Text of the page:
# Reverse Bucklin tiebreaker

DEMOREP1 at aol.com DEMOREP1 at aol.com
Wed Jun 17 12:42:43 PDT 1998

```Supplement 6

The math with 4 or more choices becomes much more complex.

With 3 or more choices (M) there are M factorial possible combinations of the
choices (assuming a voter votes for all choices-- i.e. no truncated votes).

Each choice would possibly appear in M factorial / M or (M -1) factorial times
in each vertical choice column.

Examples--

4 Choices, 4 factorial = 24, 3 factorial = 6

5 Choices, 5 factorial = 120, 4 factorial = 24

A rough example of 4 tied candidates (artificial limit of each choice only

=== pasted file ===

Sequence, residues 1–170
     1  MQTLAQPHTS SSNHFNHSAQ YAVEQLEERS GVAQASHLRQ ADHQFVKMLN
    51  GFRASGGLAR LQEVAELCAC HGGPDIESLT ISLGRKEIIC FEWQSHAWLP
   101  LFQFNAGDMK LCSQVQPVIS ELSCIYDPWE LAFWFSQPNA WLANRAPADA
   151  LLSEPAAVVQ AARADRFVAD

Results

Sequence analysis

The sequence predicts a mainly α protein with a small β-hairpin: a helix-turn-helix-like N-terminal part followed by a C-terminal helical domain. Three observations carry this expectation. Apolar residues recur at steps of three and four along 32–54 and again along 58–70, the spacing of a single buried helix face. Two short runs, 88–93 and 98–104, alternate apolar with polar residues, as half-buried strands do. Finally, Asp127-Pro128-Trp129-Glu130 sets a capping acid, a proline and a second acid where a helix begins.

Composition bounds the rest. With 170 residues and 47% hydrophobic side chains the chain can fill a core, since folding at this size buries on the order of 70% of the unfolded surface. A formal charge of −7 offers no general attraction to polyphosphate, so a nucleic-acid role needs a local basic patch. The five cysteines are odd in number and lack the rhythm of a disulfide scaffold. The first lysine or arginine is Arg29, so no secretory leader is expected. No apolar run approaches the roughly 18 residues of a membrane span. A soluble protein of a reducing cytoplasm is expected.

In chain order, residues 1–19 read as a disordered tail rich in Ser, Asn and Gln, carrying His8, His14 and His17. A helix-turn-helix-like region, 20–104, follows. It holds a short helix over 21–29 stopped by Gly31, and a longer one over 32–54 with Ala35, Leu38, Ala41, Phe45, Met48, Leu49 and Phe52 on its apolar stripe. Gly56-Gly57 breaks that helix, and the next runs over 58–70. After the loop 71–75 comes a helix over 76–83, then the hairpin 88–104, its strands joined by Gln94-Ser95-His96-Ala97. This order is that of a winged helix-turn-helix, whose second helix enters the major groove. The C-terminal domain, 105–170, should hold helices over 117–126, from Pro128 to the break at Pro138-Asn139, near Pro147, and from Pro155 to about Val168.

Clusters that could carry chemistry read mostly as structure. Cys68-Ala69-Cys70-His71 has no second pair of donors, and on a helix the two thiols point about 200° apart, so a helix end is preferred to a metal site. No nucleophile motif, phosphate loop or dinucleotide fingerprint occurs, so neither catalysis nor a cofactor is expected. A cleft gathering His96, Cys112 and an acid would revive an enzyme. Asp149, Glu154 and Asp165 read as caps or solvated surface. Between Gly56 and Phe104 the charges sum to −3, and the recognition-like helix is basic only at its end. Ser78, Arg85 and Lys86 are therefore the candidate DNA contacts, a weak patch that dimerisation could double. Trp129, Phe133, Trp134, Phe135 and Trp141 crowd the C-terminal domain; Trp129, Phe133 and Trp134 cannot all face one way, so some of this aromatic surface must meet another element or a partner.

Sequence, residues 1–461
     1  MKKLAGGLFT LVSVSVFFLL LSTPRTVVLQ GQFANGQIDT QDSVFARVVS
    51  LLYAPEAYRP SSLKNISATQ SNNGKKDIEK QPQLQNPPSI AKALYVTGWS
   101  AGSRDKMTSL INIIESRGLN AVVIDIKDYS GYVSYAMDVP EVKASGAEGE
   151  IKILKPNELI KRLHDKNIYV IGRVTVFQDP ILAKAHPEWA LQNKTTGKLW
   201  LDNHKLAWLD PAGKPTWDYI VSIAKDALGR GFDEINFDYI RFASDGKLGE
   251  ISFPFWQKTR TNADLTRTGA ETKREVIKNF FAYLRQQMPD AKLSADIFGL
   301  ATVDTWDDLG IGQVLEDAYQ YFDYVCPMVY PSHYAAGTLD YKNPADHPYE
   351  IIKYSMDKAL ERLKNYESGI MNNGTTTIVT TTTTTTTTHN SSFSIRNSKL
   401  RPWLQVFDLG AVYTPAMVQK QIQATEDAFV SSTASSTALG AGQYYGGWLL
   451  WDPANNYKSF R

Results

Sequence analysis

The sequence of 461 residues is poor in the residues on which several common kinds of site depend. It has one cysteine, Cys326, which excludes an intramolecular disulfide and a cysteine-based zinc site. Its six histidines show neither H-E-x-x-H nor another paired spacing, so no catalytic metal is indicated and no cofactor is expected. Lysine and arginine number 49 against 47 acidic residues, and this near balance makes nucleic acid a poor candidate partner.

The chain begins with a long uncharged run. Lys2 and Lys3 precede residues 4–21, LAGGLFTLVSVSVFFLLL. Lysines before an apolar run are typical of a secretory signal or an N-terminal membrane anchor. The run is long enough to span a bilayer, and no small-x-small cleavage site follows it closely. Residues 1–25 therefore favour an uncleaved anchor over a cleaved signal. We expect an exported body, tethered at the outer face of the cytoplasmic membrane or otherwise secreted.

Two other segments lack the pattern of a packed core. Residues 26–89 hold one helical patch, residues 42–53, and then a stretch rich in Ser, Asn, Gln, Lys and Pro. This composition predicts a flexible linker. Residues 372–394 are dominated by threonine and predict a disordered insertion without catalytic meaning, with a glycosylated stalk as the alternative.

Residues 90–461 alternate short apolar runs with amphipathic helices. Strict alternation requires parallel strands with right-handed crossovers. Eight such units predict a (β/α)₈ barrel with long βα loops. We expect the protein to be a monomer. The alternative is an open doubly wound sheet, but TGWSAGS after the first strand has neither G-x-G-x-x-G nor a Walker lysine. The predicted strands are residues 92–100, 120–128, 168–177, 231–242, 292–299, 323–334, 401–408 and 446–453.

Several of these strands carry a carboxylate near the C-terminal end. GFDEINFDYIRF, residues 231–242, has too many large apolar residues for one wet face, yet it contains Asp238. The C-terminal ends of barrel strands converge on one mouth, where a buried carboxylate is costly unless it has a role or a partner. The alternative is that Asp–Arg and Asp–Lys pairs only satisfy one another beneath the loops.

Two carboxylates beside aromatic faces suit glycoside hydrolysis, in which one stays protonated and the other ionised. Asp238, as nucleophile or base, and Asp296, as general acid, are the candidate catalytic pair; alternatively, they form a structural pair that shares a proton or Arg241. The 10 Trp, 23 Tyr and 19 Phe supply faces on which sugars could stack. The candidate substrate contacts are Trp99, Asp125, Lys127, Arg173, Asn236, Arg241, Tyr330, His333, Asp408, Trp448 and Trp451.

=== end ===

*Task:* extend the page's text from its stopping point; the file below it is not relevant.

once in each choice column) --

27    A>B>C>D
26    B>C>D>A
25    C>D>A>B
24    D>A>B>C
102, majority 52

The last 2 choices are
A    51
B    49
C    51
D    53  majority against, loses

A rough example of 5 tied candidates

N1   A>B>C>D>E
N2   B>C>D>E>A
N3   C>D>E>A>B
N4   D>E>A>B>C
N5   E>A>B>C>D

100, majority is 51
Each N amount is less than 51.

The last 2 choices--

A    N2 + N3
B    N3 + N4
C    N4 + N5
D    N5 + N1
E    N1 + N2
200
Assuming a "normal" distribution of the N amounts, there might be 1 or more 51
majorities against.  If the N amounts are nearly equal, then it would be
necessary to sum the amounts for the last 3 choices to get majorities against.

How often a 4 or more choice tie for a single office would occur in a real
public election is a matter of major conjecture.

```